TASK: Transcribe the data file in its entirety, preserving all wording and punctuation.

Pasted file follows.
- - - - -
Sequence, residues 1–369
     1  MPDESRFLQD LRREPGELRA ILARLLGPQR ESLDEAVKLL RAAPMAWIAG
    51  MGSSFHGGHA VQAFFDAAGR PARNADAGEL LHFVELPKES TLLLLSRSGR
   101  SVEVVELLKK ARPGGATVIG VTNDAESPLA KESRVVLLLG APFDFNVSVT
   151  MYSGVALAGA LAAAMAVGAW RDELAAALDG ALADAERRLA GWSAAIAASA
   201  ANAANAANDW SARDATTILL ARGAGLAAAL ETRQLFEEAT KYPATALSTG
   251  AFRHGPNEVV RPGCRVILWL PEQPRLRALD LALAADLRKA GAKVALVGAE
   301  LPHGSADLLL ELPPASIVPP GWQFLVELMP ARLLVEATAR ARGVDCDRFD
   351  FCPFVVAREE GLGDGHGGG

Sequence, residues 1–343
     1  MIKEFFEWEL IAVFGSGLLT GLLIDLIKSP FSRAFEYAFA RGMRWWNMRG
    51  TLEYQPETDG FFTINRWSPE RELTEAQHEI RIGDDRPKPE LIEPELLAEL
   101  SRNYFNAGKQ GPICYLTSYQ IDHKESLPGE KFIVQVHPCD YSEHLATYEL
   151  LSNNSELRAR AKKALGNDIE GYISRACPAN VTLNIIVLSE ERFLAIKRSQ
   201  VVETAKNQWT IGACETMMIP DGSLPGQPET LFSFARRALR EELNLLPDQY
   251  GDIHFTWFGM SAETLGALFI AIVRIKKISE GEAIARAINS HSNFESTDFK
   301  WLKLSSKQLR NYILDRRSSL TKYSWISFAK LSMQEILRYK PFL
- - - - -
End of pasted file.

Sequence, residues 1–369
     1  MPDESRFLQD LRREPGELRA ILARLLGPQR ESLDEAVKLL RAAPMAWIAG
    51  MGSSFHGGHA VQAFFDAAGR PARNADAGEL LHFVELPKES TLLLLSRSGR
   101  SVEVVELLKK ARPGGATVIG VTNDAESPLA KESRVVLLLG APFDFNVSVT
   151  MYSGVALAGA LAAAMAVGAW RDELAAALDG ALADAERRLA GWSAAIAASA
   201  ANAANAANDW SARDATTILL ARGAGLAAAL ETRQLFEEAT KYPATALSTG
   251  AFRHGPNEVV RPGCRVILWL PEQPRLRALD LALAADLRKA GAKVALVGAE
   301  LPHGSADLLL ELPPASIVPP GWQFLVELMP ARLLVEATAR ARGVDCDRFD
   351  FCPFVVAREE GLGDGHGGG

Sequence, residues 1–343
     1  MIKEFFEWEL IAVFGSGLLT GLLIDLIKSP FSRAFEYAFA RGMRWWNMRG
    51  TLEYQPETDG FFTINRWSPE RELTEAQHEI RIGDDRPKPE LIEPELLAEL
   101  SRNYFNAGKQ GPICYLTSYQ IDHKESLPGE KFIVQVHPCD YSEHLATYEL
   151  LSNNSELRAR AKKALGNDIE GYISRACPAN VTLNIIVLSE ERFLAIKRSQ
   201  VVETAKNQWT IGACETMMIP DGSLPGQPET LFSFARRALR EELNLLPDQY
   251  GDIHFTWFGM SAETLGALFI AIVRIKKISE GEAIARAINS HSNFESTDFK
   301  WLKLSSKQLR NYILDRRSSL TKYSWISFAK LSMQEILRYK PFL